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Changing food pattern in adolescents and impact on health.

ABSTRACT

Background: Lifestyle changes has compelled us so much that one has very little time to really think what we are eating. 'Eat healthy and live healthy', one of the essential requirement for long life is now being overlooked as today we have adopted to a system of consumption of food which has many side effects--like Junk food, the profound rise in the incidence of diabetes mellitus and coronary artery disease in the developing countries can be attributed to consumption often unhealthy food. Compared to the severity of problem the Indian literature is very scantly.

Aims & Objectives: To evaluate the changing food pattern in adolescents and its impact on health.

Materials and Methods: A group of 450 adolescents from 10 to 19 years was identified, details food consumption and habits were obtained, Body mass index was calculated and haemoglobin estimation was performed.

Results: Study result shows that 23.5% adolescents consumed junk food twice or more per week and from which middle aged adolescent was in higher percentage. The prevalence of risk of overweight and over weight (obese) was highest 50% in High socioeconomic adolescents. The habit of eating junk food more than two time / weak resulted in to risk of overweight and obesity were 27.4% and 1.9%. Adolescent also suffered from anaemia and prevalence in female was 80% and in male 73.5%. The anaemic had strong relationship with junk food consumption by adolescent, having 2 times per week junk food 81.5% suffered from anaemia. Similarly the adolescent, who skipped breakfast> two times /weak 96.6% suffered from anaemia.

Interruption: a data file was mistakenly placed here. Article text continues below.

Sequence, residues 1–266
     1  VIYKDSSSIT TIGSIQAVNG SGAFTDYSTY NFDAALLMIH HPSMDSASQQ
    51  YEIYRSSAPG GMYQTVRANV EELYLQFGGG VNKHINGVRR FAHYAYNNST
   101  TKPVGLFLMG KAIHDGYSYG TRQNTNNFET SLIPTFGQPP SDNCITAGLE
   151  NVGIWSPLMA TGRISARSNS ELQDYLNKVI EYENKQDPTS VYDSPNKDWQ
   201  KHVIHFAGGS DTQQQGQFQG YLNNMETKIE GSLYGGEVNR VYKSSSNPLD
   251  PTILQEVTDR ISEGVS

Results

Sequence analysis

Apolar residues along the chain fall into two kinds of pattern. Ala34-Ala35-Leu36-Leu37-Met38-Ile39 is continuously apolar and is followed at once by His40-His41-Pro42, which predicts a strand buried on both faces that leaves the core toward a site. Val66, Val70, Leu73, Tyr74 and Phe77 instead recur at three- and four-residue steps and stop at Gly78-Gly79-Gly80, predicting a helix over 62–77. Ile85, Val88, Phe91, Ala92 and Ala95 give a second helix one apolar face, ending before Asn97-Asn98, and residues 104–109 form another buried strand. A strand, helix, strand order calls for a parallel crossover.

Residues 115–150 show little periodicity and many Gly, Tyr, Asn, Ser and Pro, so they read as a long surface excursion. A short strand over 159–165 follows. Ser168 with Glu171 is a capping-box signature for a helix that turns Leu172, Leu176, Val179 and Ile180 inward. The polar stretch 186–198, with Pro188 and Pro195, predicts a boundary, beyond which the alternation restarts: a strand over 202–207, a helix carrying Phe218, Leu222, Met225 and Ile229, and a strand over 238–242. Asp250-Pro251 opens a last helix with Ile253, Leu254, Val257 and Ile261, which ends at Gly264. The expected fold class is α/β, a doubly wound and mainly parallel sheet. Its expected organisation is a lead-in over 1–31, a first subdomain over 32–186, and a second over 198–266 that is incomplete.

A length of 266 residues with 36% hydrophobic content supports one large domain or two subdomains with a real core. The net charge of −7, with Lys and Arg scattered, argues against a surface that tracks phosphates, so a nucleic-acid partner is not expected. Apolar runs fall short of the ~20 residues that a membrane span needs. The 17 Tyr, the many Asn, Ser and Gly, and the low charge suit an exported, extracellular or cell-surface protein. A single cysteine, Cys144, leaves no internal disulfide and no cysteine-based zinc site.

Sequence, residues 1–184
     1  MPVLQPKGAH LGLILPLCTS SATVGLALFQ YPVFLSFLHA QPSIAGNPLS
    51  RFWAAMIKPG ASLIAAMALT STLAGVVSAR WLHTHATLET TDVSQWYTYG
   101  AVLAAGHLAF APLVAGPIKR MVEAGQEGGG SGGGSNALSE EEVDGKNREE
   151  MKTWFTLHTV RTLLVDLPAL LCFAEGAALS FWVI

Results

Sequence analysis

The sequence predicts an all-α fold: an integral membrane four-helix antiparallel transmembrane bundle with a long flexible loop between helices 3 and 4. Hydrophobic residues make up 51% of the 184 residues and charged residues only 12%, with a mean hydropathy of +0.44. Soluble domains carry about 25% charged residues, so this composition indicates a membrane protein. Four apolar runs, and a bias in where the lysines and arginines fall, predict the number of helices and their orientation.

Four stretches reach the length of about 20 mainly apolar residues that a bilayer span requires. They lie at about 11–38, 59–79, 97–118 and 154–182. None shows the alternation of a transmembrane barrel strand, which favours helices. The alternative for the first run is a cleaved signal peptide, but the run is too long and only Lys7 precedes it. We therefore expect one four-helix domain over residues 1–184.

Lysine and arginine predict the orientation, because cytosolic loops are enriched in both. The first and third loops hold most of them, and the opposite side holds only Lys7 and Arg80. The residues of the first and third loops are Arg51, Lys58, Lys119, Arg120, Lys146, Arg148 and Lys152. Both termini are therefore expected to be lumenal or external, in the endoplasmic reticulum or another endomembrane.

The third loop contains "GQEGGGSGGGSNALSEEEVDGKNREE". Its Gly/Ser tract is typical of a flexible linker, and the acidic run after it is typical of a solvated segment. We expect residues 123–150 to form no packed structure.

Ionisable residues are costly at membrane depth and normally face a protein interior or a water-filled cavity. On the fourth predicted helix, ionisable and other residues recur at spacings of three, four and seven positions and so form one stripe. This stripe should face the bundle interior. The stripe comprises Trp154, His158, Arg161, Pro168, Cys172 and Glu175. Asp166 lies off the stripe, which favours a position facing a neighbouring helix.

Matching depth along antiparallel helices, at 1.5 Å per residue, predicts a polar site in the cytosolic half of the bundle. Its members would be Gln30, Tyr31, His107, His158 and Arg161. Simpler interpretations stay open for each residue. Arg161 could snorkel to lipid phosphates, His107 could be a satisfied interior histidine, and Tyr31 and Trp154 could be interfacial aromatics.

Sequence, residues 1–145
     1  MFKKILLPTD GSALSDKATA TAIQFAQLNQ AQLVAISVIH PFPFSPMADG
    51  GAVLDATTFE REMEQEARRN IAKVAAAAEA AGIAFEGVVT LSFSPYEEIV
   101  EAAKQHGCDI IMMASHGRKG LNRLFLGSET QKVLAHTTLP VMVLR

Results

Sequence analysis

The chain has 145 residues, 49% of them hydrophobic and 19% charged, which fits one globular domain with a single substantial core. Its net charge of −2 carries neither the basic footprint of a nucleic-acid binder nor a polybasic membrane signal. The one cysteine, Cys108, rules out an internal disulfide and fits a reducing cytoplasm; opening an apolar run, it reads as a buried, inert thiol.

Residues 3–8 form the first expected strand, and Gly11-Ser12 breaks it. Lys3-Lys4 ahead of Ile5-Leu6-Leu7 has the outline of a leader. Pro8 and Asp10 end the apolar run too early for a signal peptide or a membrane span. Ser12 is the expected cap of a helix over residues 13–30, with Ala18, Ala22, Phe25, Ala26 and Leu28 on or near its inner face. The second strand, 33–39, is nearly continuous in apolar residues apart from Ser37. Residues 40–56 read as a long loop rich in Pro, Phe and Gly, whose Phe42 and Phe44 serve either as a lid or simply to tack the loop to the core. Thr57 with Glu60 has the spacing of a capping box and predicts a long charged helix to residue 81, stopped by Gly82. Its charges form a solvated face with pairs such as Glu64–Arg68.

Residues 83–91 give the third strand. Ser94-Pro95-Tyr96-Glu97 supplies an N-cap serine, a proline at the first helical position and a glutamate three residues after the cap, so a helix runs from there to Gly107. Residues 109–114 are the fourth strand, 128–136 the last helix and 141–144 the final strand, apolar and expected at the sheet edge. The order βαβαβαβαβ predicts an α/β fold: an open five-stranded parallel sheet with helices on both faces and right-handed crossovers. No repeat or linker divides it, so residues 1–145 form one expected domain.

Conclusion: By reduction in junk food and un healthy food eating we may decrease the incidence of obesity in turn which will lead to minimize the risk of hypertension, diabetes mellitus and coronary artery diseases, regular intake of nutritive and healthy food in breakfast, the serious condition like anaemia can be countered and that's key to healthy life.

Key Words: Junk Food; Body Mass Index (BMI); Anaemia; Food Pattern; Adolescents

Introduction

Globalization and Urbanization have greatly affected one's eating habits and forced many people particularly adolescents to consume fancy and high calorie fast foods popularly known as "Junk Foods". Research into the possible health hazards on consumption of such high calorie fast food has given an insight to avoid then but unfortunately measures taken are not effective as they need to be it seems to have engulfed, every age, race and the newest entrants on stage are children- adolescents in particular.